Heritage

  • Based on the directives of his highness Shaikh Dr. Sultan bin Mohammed Al Qassimi ruler of Sharjah, ‘Culture without borders’ project is one of the most prominent cultural achievements in Sharjah. The project aims at establishing a library in every home. 50 books will be distributed to every local family in the Emirate. Her Highness Sheikha Bedour Bint Sultan Al Qassimi heads the organizing committee. The project intends to promote and emphasize the importance of cultural development among the families, especially the children.
  • Traditional Arts & Crafts: Sharjah has maintained its cultural traditions that date back to the days of the desert tribes. The generations have inherited these skills and crafts from their ancestors, which are still visible to visitors and enjoy their appreciation and admiration.
  • Wedding wood boxes: are usually made of rosewood and are widespread throughout the Arabian Gulf region. They are decorated with brass ornaments, and were anciently used to store Pearl .They were considered an important part of the pearl industry where it was stored in wooden boxes of various sizes.
    Weaving and Embroidery: Despite the difficult living conditions in the past, women were concerned with decorating their clothes with wonderful threads of gold and silver, which add a touch of rugged beauty. Girls used to help in making their own dresses and uniforms. These girls have inherited the tradition of their mothers
    • Daggers and Knives Even in  the middle of the last century men would complete their attire by wearing a broad, silver embroidered waist belt and Khanjar (dagger). The coastal dagger of the emirates (Khanjar Sahily) is made of silver and highly decorated.  Quite often, the bishak (knife) was worn instead of the dagger, particularly in the eastern area of the UAE. The carved wooden scabbard with chased and stamped silver decoration is further embellished with silver on both the wooden hilt and the iron blade..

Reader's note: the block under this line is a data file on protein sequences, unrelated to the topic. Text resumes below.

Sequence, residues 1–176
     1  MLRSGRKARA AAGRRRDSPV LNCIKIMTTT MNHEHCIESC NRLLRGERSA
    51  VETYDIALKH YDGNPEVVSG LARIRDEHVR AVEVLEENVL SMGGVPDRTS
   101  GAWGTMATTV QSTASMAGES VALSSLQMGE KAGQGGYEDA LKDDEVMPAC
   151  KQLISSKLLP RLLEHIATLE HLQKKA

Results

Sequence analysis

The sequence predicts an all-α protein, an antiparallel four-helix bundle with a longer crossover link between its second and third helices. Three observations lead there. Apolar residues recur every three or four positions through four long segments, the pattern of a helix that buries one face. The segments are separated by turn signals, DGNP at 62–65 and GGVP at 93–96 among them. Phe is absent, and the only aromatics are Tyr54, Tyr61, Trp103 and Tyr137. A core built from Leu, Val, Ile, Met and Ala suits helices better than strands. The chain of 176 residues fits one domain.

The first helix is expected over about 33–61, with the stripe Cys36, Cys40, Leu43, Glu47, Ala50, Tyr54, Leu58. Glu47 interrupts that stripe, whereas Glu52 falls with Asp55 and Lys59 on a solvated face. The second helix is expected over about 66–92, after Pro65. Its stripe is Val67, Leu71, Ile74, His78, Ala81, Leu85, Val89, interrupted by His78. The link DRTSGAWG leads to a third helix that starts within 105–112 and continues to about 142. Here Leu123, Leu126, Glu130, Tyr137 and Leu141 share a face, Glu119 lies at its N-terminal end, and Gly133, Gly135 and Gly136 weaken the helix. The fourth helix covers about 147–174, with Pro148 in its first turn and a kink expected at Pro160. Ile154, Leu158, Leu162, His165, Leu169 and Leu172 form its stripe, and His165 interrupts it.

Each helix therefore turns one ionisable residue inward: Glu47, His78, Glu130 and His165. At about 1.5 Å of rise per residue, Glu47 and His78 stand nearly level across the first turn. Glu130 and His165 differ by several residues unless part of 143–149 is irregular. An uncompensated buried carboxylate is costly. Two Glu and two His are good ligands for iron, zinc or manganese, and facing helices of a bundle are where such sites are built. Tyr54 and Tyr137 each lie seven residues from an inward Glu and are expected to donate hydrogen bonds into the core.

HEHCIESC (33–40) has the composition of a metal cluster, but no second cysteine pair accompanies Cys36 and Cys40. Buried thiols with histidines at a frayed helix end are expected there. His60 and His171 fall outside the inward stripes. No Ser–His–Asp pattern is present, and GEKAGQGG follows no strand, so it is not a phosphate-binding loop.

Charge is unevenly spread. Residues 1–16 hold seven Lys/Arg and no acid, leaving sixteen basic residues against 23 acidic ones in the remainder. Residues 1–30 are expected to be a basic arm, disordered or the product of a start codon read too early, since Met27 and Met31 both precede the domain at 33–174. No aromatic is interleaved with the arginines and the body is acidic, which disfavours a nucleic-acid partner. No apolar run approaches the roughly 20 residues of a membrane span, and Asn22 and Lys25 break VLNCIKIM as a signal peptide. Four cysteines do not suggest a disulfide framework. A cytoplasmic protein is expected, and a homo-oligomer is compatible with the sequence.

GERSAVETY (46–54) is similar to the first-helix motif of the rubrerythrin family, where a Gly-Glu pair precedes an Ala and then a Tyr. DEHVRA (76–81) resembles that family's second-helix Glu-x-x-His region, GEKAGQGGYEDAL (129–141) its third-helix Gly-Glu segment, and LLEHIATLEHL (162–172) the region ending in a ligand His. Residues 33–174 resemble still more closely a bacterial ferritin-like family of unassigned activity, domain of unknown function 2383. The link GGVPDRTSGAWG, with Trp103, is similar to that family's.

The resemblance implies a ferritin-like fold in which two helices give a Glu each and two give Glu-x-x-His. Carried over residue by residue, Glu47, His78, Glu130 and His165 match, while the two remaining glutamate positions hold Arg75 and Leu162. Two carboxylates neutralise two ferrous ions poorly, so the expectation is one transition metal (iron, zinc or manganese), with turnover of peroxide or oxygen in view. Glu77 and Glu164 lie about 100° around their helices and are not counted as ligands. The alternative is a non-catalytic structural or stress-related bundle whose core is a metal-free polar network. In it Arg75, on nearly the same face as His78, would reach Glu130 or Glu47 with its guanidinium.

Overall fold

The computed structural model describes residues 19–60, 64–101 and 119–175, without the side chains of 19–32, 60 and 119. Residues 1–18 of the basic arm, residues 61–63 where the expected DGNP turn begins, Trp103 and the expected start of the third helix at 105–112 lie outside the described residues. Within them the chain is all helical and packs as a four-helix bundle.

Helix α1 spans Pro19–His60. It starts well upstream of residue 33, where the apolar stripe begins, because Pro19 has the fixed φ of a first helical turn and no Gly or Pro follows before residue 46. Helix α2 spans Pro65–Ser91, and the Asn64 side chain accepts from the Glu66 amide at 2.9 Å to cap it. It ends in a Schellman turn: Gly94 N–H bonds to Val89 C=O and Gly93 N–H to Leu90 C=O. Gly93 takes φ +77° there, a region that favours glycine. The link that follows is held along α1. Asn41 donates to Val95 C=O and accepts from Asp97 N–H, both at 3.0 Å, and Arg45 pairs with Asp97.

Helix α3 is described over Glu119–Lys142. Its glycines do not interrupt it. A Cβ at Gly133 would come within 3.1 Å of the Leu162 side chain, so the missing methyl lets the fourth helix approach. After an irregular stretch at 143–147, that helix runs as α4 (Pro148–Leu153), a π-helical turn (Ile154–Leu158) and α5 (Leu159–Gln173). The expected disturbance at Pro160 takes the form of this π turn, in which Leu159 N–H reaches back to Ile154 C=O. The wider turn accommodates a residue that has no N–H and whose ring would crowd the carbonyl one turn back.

• Doors :Traditional Arabic doors from the region are unique pieces of local heritage dating back 500 years. As well as being functional they are one of the most important forms of decorative expression to be found in the region’s forts and houses, e.g. Shamsi and Khalid bin Ibrahim houses . The amount and quality of the carving depends on the price of the door and therefore the status of the household.
    • The Date Palm: In eastern Arabia alone, there are over 50 different varieties of date palm, bearing many types and qualities of fruit at different times of the year. Here the natural maturing time for dates is in the summer between June and July.
      Perfumes: These are integral part of Arabic life for both men and women. Perfumes are composed of three types.. Attar is the oil based perfume, bukhoor is the fragrant burnt incense (formed by burning the wood chips of Indian and Cambodian origin). The third is a mixture of aromatic elements such as musk, amber and other ingredients which are blended and poured into molds and then dried to get ready for burning with charcoal. You will find many perfume shops to explore in the area between Al Bourj Avenue and the Arts Area.
    • Henna  is extracted from the leaves of plants that are cultivated in the East and India, often used to adorn women in EIDS , festivals and weddings. Beautiful   drawings are made on the hands and feet, in the shape of flowers and leaves in saloon which have extensive experience in this area. You can buy henna in Souk Al Bahar, just in front of the Arts Area and the central souk.
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